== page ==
Malaysia leader votes, says campaign was vicious

Could Malaysia's Mahathir Mohamad Become the World's Oldest Leader? He Speaks to TIME About What Sparked His

Could Malaysia's Mahathir Mohamad Become the World's Oldest Leader? He Speaks to TIME About What Sparked His

Official results from Malaysia's national election show the opposition alliance led by the country's former authoritarian ruler Mahathir Mohamad has won a majority in parliament, ending the 60-year rule of the National Front.

They will be the leaders' final speeches before polls open on Wednesday at 0000 GMT.

Kuala Lumpur: Voters have a stark choice in Malaysia's election today: resurrect the country's 92-year-old former authoritarian leader or give a third term to Prime Minister Najib Razak, whose alleged role in the multibillion-dollar ransacking of a state investment fund has battered Malaysia's standing overseas.

"There is no way they can catch up", Mahathir said, referring to the Barisan Nasional (BN) coalition which has led Malaysia since independence from Britain in 1957.

Meanwhile, candidates from both the Barisan Nasional coalition and the opposition have complained about receiving non-stop spam calls.

The race is expected to be tight.

Results started trickling in a few hours after polls closed, with BN having a slight early lead with 14 seats to nine for the opposition, according to the Election Commission.

Analysts expect turnout to come in lower than at the last election in 2013, when it was about 85 percent, which could be a blow for the opposition who say they need a high figure for victory. Final results are expected late Wednesday or early Thursday. "He made people feel that a transition of power is possible", said Welsh, in Kuala Lumpur to observe the polls.

It is also a surprising exception to backsliding on democratic values in Southeast Asia, a region of more than 600 million people where governments of countries including Thailand, Cambodia and the Philippines have swung toward harsh authoritarian rule.

Malaysian Prime Minister Najib Razak has called the election campaign "quite vicious" after casting his vote in the coastal city of Pekan.

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"The most important thing is for people to decide on the destiny of this nation, and it must be based on facts", the 64-year-old told reporters.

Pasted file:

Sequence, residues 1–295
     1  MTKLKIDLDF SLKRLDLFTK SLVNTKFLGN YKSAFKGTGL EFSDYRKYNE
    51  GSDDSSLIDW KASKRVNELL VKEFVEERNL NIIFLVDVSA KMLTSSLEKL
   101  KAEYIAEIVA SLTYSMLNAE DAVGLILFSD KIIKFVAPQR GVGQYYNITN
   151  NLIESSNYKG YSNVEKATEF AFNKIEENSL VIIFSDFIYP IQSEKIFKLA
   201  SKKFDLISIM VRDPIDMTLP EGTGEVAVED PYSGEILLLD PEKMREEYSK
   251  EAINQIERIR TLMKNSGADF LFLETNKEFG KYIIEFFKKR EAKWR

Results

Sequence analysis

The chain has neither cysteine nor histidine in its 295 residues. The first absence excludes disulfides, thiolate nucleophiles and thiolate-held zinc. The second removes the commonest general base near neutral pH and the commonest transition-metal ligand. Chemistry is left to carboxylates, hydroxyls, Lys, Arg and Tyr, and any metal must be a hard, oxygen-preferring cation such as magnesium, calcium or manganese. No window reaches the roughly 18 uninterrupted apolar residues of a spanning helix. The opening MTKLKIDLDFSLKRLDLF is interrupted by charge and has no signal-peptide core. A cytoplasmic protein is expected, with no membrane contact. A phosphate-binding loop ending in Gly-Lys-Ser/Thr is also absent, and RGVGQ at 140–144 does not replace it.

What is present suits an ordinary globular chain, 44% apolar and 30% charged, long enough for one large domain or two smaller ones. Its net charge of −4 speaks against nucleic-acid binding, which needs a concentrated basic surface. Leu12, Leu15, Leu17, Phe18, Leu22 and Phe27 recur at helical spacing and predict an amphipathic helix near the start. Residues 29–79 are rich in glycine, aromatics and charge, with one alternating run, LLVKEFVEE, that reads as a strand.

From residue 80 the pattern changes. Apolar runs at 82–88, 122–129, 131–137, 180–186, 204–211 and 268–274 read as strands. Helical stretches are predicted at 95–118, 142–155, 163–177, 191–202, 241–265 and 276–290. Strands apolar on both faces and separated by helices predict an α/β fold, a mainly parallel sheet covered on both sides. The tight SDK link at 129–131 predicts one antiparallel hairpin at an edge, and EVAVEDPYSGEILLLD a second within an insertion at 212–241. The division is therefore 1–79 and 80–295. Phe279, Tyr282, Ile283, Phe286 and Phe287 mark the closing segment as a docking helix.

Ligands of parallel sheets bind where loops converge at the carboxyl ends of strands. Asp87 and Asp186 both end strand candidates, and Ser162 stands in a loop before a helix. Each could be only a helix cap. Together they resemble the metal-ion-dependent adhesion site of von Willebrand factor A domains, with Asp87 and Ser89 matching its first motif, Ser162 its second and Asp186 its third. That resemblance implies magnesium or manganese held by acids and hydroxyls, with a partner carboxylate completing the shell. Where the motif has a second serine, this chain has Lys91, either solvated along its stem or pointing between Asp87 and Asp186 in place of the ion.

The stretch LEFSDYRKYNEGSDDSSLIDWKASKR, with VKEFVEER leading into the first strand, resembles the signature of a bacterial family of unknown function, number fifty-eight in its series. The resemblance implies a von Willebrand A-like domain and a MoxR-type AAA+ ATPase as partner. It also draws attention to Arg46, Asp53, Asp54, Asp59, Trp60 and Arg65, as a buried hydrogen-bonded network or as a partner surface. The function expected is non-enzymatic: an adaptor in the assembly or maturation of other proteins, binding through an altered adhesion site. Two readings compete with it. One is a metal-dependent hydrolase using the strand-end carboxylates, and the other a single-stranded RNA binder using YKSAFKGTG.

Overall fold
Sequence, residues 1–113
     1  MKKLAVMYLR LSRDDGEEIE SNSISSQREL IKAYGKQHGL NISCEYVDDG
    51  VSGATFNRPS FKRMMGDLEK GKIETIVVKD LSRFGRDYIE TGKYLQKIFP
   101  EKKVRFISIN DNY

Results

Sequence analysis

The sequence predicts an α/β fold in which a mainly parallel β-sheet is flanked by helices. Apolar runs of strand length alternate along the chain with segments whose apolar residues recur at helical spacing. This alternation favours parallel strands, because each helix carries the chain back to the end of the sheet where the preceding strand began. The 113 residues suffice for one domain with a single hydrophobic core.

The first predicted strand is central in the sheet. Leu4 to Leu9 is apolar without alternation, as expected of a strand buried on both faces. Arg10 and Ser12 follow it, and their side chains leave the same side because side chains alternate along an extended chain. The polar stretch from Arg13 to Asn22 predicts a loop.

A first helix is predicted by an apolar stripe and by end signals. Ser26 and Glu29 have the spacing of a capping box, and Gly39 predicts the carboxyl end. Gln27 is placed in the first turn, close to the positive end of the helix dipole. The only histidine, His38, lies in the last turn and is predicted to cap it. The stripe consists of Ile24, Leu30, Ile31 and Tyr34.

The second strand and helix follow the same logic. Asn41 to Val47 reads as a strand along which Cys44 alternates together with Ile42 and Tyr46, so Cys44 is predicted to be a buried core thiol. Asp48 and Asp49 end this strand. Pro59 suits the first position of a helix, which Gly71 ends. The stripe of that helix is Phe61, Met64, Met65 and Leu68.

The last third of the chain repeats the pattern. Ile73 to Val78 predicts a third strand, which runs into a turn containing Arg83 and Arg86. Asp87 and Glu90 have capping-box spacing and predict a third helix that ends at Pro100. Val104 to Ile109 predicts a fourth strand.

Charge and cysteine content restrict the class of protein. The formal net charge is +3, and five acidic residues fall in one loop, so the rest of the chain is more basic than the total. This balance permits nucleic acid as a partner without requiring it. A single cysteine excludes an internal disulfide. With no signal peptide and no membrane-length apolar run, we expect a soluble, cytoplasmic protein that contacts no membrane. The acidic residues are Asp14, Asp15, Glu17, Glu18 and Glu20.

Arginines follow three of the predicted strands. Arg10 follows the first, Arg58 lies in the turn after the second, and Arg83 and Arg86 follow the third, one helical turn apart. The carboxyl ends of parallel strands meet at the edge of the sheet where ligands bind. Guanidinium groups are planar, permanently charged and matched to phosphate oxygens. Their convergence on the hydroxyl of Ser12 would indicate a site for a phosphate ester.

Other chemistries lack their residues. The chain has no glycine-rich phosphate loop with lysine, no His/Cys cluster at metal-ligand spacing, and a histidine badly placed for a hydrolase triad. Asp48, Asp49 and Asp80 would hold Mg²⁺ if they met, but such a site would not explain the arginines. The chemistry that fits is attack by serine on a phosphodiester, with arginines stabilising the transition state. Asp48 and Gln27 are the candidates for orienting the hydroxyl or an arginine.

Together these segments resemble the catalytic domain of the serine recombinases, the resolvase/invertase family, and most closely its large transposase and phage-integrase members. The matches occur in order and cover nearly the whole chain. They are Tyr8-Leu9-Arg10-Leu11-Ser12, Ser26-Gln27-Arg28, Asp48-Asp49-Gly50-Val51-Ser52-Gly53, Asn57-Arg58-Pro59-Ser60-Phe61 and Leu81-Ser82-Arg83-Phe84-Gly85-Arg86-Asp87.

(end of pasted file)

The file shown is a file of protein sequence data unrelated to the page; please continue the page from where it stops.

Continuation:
Mahathir Mohamad says the new Malaysian government will not be seeking revenge on defeated prime minister Najib Razak, who is accused of involvement in a corruption scandal at state investment fund 1MDB.

A dodgy electoral re-distribution which has increased already-gerrymandered electorates, new "fake news" laws created to shut down discussion of Najib's involvement in the 1MDB sovereign wealth fund scandal and friendly mainstream media are among the factors that could ensure the governing coalition hangs on to power.

USA investigators say at least $4.5 billion was stolen from the fund by associates of Najib between 2009 and 2014, including $700 million that landed in Najib's bank account. But in his attempt to unseat Mr. Najib in this campaign, he joined with opposition leaders he once sent to jail.

The country's rising cost of living is a hot topic, and a Goods and Services Tax (GST) introduced in 2015, as well as the depreciation of the ringgit, have hit many Malaysians.

As polls opened, senior opposition figures claimed their phones were flooded with spam calls from overseas to hamper their communications, with Lim Kit Siang - a key opposition leader - accusing the ruling coalition of "dirty tricks".

The internet regulator blamed the attacks on "bots" (automated programmes) and said it would investigate.

While the opposition has gained ground, it faces an uphill battle to defeat a coalition that has never lost an election.

Redrawn electoral boundaries were rushed through parliament last month, pushing likely opposition voters into districts that already support the opposition and dividing constituencies along racial lines.

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